Wing Shack wasn't the only restaurant to respond to the letters. Mimi's Cafe in Loveland treated Colberg's entire fifth-hour class (25 sixth-graders) to lunch (chicken tenders, mashed potatoes and a beverage) on Feb. 13 valued at about $200, after a student wrote a letter to the restaurant.
Mary's Mountain Cookies brought samples of cookies to one of the classes Thursday, while Qdoba provided gift cards to one of the classes and Nordy's Bar-B-Que & Grill sent a student a T-shirt, a big jar of barbecue sauce and a letter.
Other students received autographed photos of Peyton Manning and Tim Tebow, a personal letter and autographed photo from University of Florida football coach Will Muschamp, an autographed trading card from Colorado Eagles hockey coach Chris Stewart, as well as other items from college sports teams and companies. Colberg said she's never received responses from so many restaurants providing free food.
"We've had just amazing business support this year," Colberg said. "We've had kids get back something individually before, but never an entire class rewarded for the efforts of the hard work of a student. The kids are so excited for this assignment."
Windsor Wing Shack manager Adam Kranich said it was special to receive the letter from Joshua.
"It was the cutest thing I've seen," Kranich said. "I had to show it to my marketing person, as well as to the other managers and the owner. Everybody from the store wanted to come down here to meet this kid and the whole class."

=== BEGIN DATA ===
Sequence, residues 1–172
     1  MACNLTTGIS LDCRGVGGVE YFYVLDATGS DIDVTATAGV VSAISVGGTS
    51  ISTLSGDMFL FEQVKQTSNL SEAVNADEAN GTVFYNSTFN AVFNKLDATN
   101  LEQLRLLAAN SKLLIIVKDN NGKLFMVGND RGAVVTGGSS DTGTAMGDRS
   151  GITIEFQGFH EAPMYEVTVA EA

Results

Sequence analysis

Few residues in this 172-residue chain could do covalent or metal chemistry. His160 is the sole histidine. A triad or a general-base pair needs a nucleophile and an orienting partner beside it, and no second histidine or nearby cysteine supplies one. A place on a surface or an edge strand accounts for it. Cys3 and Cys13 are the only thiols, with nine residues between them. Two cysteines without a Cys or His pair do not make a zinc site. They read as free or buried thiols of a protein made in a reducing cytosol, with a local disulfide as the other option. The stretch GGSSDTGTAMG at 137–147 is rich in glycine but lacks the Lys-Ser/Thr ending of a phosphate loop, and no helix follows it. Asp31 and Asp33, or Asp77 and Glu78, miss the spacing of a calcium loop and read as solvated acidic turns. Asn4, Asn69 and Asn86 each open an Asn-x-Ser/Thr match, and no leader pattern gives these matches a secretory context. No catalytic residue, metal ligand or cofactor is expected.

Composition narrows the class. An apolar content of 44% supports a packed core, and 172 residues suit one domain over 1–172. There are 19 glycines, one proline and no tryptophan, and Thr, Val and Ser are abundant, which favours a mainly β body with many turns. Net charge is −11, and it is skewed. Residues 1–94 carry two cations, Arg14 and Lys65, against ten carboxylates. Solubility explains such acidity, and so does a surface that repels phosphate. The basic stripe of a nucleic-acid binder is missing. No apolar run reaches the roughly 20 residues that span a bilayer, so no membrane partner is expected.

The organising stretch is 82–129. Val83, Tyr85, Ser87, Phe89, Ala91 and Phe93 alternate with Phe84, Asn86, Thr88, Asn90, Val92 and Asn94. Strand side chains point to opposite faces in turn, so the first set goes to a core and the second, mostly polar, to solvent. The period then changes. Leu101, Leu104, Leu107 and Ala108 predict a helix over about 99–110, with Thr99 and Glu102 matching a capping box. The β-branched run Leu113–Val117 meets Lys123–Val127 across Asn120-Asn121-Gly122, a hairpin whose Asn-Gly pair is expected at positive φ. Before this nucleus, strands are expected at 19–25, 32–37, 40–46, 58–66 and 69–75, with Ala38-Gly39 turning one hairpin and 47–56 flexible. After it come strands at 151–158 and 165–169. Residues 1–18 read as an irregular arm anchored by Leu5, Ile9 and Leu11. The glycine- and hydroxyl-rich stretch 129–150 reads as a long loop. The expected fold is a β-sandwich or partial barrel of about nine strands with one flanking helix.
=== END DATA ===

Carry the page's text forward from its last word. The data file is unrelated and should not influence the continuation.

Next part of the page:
Stephanie Seifried, marketing and public relations manager for Wing Shack, said serving lunch to a class full of sixth-graders was a first.
"This is a unique experience, especially the fact that it was so professionally put together. You could tell they were working on their letter-writing skills," Seifried said. "We at Wing Shack ask for feedback from our customers at all times whether they email it to us, tell it to us verbally, send us letters. Sometimes it's good. Sometimes it's bad. It was really a privilege to kind of have that moment of it being a fabulous letter, and he chose to write to us to tell us how great we are to him in a very unique sort of way."
Karly Mathern, 11, wrote to Oakley and received a letter and two stickers from the sunglasses and apparel company.
Karly said the assignment was special because she normally doesn't write letters to people.
"I learned that you always have to know your punctuation," Karly said.
Braden Martinez, 11, wrote to the Texas Tech football team because he likes the university and would like to play football there someday.
"You have to have very good grammar, punctuation and capitalization to be able to get noticed," Braden said.
Kira Dickerson, 11, wrote to the chamber of commerce in Norman, Okla., because her uncle lives there.
"I congratulated them on the fact they have a lower housing rate, and that I like their town," Kira said. "I thought it was very fun that you could pick anywhere in the United States."